Tift Merritt

Tift Merritt InStudio UNC TV

Tift Merritt InStudio UNC TV

 

 

See how country music—and my dad’s love of classic country tunes—influenced me. Proud to be a North Carolinian making my kind of country music. Check out my In Studio this Thursday, September 12 at 10 PM, on @publicmediaNC, and read our conversation now by clicking this link.

 

 

 

 

 

 

Tift is an important Artist
in my life for a myriad of reasons.   Tift Merritt is one of the first artists I saw live in Durham, NC at the Americana music series at Fowler’s Gourmet Market loading dock. Fowler’s Gourmet Market for the newbies is now Parker and Otis.   From the moment I heard her sing the first note, I was smitten.  Tift has such a great Southern roots/rock/blues/country/ (see Americana) impossible to pigeonhole voice.  So many comparisons to great singers of the past yet her voice is Tift’s own-unique blend of styles and innate Raleigh, NC born nature.  A large part of the color in her voice was honed in Bynum at the Country store.

 

Now how does she stand up as a songwriter-as good as Joni Mitchell? Is this even a fair comparison?  My answer is yes and yes.  Tift has matured as a songwriter over the years but even the early songs show signs of a mature, wise beyond chronological years artist.  So many other artists may come to mind or be put there by other music writers and critics. 

 

Singer/songwriter Tift Merritt
seemingly appeared out of nowhere in the spring of 2002 with her acclaimed debut album, Bramble Rose, but as is often the case, this triple-threat artist — a gifted singer, superb songwriter, and skillful guitarist — actually has plenty of experience under her belt. Born in Houston, Texas in 1975, Merritt’s family moved to North Carolina when she was young and she’s lived there ever since. Merritt first developed an interest in music when she was a child and learned to sing harmonies with her father, who had dabbled in folk music in his younger days; in her early teens, she picked up a guitar and her dad taught her first four chords. While Merritt was drawn to the rebellious spirit of punk and indie rock, she felt a greater emotional connection with more acoustic-oriented artists, particularly Joni Mitchell (Merritt once told a reporter, “I went through a Joni Mitchell phase — and all girls go through a Joni Mitchell phase; if any girl tells you she never did, don’t believe her.”). Hearing Emmylou Harris’ album Quarter Moon in a Ten Cent Town opened Merritt’s ears to roots music and she soon began to immerse herself in North Carolina’s active alt-country scene. Merritt began appearing on a semi-regular basis with the band the Two Dollar Pistols, singing duets with lead singer John Howie and playing rhythm guitar; she eventually appeared on a seven-song EP of classic country covers the group released in the fall of 1999. Looking for a vehicle for her own songwriting, Merritt had formed a band called the Carbines in 1998 with drummer Zeke Hutchins, guitarist Greg Reading, and bassist Jay Brown; the band soon became a fixture on the North Carolina club scene and released a well-received 7″ single.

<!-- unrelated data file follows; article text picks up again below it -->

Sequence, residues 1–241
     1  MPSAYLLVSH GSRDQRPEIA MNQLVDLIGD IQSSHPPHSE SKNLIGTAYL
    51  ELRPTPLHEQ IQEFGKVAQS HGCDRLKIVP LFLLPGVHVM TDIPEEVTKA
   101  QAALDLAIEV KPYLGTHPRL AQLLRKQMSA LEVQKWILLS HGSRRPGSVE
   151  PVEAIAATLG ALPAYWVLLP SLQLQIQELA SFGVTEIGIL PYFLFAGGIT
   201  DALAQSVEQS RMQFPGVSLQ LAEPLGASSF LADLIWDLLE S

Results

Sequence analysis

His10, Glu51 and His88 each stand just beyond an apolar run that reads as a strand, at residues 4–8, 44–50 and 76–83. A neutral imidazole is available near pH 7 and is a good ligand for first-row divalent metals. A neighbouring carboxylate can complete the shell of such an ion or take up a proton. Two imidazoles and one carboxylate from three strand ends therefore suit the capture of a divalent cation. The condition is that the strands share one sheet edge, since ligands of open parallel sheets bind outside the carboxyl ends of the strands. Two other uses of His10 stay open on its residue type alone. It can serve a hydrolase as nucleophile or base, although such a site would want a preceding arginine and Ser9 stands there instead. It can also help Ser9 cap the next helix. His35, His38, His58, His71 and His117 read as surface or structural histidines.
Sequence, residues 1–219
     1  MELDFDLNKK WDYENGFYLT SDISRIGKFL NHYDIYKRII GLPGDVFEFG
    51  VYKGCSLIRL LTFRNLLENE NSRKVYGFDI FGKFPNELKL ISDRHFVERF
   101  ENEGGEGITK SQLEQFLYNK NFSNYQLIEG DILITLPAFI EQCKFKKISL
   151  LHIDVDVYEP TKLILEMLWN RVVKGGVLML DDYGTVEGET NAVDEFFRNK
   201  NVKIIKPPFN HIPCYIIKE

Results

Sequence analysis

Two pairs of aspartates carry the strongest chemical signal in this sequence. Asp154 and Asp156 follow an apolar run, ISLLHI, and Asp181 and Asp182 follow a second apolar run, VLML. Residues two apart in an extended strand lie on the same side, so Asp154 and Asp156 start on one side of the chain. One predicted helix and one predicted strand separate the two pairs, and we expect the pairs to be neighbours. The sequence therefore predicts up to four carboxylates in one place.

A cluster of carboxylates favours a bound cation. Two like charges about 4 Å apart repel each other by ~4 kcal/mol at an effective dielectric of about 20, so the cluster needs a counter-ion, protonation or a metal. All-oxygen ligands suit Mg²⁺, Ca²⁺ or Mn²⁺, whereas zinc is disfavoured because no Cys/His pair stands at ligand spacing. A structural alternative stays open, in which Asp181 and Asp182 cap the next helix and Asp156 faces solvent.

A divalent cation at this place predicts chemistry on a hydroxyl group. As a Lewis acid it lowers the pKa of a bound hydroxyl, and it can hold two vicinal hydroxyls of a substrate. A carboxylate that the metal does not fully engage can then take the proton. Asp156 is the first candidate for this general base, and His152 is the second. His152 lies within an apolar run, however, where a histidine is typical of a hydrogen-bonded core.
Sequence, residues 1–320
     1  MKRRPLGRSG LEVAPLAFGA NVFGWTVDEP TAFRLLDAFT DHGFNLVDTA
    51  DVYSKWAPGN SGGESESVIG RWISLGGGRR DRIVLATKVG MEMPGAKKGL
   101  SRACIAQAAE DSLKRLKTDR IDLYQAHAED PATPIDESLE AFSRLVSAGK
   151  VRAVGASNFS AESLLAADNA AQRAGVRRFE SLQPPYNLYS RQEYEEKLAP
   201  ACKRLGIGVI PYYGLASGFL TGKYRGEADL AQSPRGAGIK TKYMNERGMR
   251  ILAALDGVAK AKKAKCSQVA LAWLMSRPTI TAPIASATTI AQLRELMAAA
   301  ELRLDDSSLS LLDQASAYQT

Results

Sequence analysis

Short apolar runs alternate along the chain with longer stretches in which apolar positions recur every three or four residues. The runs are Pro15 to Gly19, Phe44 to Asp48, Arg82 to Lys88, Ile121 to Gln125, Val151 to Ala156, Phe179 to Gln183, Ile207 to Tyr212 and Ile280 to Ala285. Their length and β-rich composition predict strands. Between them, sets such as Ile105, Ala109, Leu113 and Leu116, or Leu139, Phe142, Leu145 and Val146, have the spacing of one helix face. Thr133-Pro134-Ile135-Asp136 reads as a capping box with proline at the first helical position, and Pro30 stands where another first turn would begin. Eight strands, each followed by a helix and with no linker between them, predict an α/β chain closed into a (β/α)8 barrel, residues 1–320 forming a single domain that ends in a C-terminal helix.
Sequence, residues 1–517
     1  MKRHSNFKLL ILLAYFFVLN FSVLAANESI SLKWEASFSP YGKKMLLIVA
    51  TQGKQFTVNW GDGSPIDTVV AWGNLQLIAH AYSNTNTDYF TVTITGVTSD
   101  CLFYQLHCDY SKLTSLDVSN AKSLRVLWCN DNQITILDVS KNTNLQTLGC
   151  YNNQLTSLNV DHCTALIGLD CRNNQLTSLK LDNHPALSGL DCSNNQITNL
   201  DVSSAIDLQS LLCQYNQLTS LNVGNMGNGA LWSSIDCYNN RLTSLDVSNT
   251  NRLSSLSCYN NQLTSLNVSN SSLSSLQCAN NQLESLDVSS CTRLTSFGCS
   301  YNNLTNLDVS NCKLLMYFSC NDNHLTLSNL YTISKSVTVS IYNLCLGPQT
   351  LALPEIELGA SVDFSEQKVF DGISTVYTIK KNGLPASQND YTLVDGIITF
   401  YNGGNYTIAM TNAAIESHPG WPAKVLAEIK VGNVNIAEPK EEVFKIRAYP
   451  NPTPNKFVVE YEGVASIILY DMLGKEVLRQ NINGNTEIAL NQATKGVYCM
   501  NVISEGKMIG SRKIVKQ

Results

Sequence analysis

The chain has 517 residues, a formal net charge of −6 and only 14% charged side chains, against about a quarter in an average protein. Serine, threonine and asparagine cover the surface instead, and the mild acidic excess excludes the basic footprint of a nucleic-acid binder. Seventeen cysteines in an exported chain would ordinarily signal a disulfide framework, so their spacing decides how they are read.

Between the Carbines and the Two Dollar Pistols, Merritt was becoming a popular figure in the North Carolina roots music community, and in early 2000 Merritt and the Carbines seemed poised to sign a contract with Sugar Hill Records. The deal fell through at the last minute, but when Merritt won the Chris Austin Songwriting Contest at the annual 2000 Merlefest Music Festival, it sparked a new round of interest in her work. Fellow North Carolina native Ryan Adams brought Merritt to the attention of his manager, Frank Callari, and he began shopping a record deal for her; when he was hired as an A&R executive for the Universal-distributed roots music label Lost Highway, Merritt became one of his first signings. (While Merritt was signed as a solo act, she’s continued to use the Carbines as her backing band, both for live shows and for the recording of Bramble Rose.) Her debut album was released to enthusiastic reviews in June 2002. The George Drakoulias-produced Tambourine appeared two years later, followed by Another Country in 2008, and the live Buckingham Solo in 2009, both on Fantasy Records. Traveling Alone, recorded in Brooklyn and featuring guest spots from Marc Ribot, Andrew Bird, and others, appeared in the fall of 2012. Merritt teamed up with classical pianist Simone Dinnerstein for a unique collaborative project, the 2013 album Night, in which they performed a variety of pop, folk, jazz, and classical pieces. Merritt also collaborated with Andrew Bird in his group the Hands of Glory, appearing on their 2014 album, Things Are Really Great Here, Sort Of…. In 2017 Merritt released her seventh studio album, Stitch of the World, produced by Sam Beam of Iron and Wine. ~ Mark Deming

 

Tift Merritt wastes no time gettin’ to it on Stitch of the World, kicking off with the rowdy, countrified folk of “Dusty Old Man.” Piano-led weeper “Heartache Is an Uphill Climb” follows in dramatic fashion, showcasing her commanding warble. Merritt’s deft songwriting contains multitudes, and she gets mystical on the album’s title track with a windswept arrangement that conjures dark desert nights. And Sam Beam, a.k.a. Iron & Wine, delivers a beauty of a feature on “Wait for Me.”

 

 

 

 

 

 

 

 

 

 

 

 

 

  10 Songs, 37 Minutes EDITORS’ NOTES Tift Merritt wastes no time gettin’ to it on Stitch of the World, kicking off with the rowdy, countrified folk of “Dusty Old Man.” Piano-led weeper “Heartache Is an Uphill Climb” follows in dramatic fashion, showcasing her commanding warble. Merritt’s deft songwriting contains multitudes, and she gets mystical on the album’s title track with a windswept arrangement that conjures dark desert nights. And Sam Beam, a.k.a. Iron & Wine, delivers a beauty of a feature on “Wait for Me.”  

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